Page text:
The Oldest College Newspaper in Pennsylvania

The Lafayette

The Oldest College Newspaper in Pennsylvania

The Lafayette

The Oldest College Newspaper in Pennsylvania

The Lafayette

Speaking about the silenced

Kimberlé Crenshaw delivers lecture on current social justice issues. [Photo courtesy of Chuck Zovko, Lafayette Communications ]

Leader in the field connects gender and race

Tanisha Anderson, Miriam Cusseaux, Rekia Boyd, Aiyana Stanley-Jones, Miriam Carey, Tarika Wilson, Kathryn Johnston, Alberta Sprulli: these are just a few among the many black women who have lost their lives due to racial and gender discrimination in the U.S. They are also among the many who have been erased from our public discourse, according to scholar, activist and theorist Kimberlé Crenshaw.

On Sept. 17, Crenshaw gave a keynote lecture for the 30th anniversary of the Women’s and Gender Studies program at Lafayette. Crenshaw discussed the many ways that black women face discrimination and erasure in U.S. society.

In 1989, Crenshaw, a leading authority in the areas of civil rights, black feminism and legal theory and race, coined the term “intersectionality,” which is used to explain the way multiple forms of identity, such as race, gender and sexual orientation, interact in experiences of oppression.

Black women, for example, experience oppression differently from white women or black men, according to Crenshaw. Their discrimination cannot be categorized under either racism or sexism, but as a combination of both.

The concept of intersectionality is at the heart of gender studies scholarship today, Chair of the Women’s and Gender Studies program professor Mary Armstrong wrote in an email.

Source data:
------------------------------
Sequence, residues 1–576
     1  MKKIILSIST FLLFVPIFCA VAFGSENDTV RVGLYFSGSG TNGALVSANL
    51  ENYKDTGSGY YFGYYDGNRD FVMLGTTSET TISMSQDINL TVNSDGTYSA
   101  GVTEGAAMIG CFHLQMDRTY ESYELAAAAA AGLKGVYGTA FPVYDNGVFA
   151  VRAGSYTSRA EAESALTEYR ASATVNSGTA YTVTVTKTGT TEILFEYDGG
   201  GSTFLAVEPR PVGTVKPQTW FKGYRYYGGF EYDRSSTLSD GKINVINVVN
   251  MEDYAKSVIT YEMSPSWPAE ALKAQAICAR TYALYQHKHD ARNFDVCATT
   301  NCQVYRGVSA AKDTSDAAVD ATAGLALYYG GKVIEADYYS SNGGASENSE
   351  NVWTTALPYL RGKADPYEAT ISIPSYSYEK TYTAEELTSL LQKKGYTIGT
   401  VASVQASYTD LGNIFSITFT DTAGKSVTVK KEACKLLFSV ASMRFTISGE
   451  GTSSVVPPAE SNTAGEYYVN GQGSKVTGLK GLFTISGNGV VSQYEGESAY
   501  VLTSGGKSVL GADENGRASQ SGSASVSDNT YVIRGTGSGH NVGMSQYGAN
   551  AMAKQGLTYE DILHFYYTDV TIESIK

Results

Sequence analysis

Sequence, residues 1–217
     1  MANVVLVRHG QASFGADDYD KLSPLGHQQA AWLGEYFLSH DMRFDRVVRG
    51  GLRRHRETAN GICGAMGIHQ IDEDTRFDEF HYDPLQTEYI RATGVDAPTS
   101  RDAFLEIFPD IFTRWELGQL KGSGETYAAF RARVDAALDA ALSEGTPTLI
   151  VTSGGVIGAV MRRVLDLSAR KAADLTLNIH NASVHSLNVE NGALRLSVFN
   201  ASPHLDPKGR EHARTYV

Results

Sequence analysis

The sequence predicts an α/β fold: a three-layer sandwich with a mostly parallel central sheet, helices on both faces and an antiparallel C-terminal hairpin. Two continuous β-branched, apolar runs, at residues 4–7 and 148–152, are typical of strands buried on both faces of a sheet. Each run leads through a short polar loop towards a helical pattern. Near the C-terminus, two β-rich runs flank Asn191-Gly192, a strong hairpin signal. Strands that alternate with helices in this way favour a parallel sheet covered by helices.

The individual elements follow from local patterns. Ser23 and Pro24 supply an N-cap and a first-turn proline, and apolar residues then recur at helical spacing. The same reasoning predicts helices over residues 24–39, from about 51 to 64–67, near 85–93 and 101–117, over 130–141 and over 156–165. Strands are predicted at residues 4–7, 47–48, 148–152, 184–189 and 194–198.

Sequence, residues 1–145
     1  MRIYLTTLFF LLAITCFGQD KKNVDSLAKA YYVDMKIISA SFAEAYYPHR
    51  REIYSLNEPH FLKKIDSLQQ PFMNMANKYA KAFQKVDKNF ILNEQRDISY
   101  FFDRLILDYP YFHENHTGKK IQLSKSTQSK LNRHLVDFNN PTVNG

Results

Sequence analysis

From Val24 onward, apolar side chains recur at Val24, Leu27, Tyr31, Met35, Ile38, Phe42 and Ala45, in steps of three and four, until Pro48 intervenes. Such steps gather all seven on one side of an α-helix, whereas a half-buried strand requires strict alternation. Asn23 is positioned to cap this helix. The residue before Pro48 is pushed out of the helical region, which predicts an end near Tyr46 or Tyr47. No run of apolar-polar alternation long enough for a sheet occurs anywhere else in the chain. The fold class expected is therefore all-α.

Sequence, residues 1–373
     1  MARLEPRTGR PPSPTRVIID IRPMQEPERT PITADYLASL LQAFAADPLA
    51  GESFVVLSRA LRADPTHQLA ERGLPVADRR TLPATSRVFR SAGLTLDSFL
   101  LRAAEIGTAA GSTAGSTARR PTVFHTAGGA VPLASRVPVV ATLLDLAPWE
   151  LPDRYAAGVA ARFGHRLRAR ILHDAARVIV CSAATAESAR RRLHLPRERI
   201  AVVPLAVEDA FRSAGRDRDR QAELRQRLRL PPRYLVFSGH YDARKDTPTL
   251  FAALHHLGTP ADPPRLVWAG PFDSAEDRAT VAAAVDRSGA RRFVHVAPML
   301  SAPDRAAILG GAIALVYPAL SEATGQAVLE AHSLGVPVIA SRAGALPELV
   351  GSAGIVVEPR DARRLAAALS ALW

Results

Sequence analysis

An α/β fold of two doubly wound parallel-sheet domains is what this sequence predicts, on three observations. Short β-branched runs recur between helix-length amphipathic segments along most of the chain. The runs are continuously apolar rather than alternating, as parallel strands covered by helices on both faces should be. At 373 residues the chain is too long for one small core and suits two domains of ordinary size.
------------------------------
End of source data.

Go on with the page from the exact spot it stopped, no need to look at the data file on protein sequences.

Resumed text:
Crenshaw argued that black women have historically been made invisible in legal recourse. She spoke about the DeGraffenreid v. General Motors case in 1976, where a collective of black women sued G.M. under the Civil Rights Act of 1964 for a combination of sex and race-based discrimination.

The claim was dismissed, according to Crenshaw, because the court refused to accept a combined discrimination claim, ignoring the ways that race and gender intersect to create oppression for black women.

Now, nearly 40 years later, black women still experience racialized discrimination, according to Crenshaw, who spoke about the church shooting in Charleston, S.C. in June.

“You rape our women…you have to go,” was allegedly proclaimed by Dylann Roof before shooting three black men and six black women in the incident. While the statement was directed at black men, Crenshaw said, his racialized violence affected primarily black women.

“Intersectionality is discursively everywhere and politically nowhere,” Crenshaw said. While black women face discrimination due to their gendered and racialized identities, she said, they are excluded from some of the most transformative policy debates concerning the various communities they are part of.

For instance, Crenshaw discussed the way black women’s issues are not addressed even within the recent Black Lives Matter movement.

“Over and over again within the [Black Lives Movement], we were struggling to get people to acknowledge women are killed by the police, too.” Crenshaw said. The “Say Her Name” movement emerged as a result of the lack of attention given to black women killed by law enforcement, Crenshaw said in the lecture.

To address the needs of black women, Crenshaw has been conducting town hall meetings around the country, giving victims a space to share their stories.

“Professor Crenshaw’s work is an example of intersectionality at its best,” Armstrong wrote in an email. “With an intersectional perspective, you can shine analytical light on people and systemic problems that are not otherwise visible.”

“If you went to Crenshaw’s talk and suddenly realized you did not know the name of one Black woman who had been wrongly killed by law enforcement,” Armstrong added, “you saw a shocking knowledge gap that did not know you had.”

Dean of Intercultural Development John McKnight said that Crenshaw’s lecture has the potential to influence activism for Lafayette students.

“When I’m presenting some information about diversity and social justice, people aren’t sure what to do,” McKnight said. “[Crenshaw] led with the theoretical part of it and talked about the thinking behind intersectionality and then drove the point home by showing footage of her on the ground, being part of these movements.”

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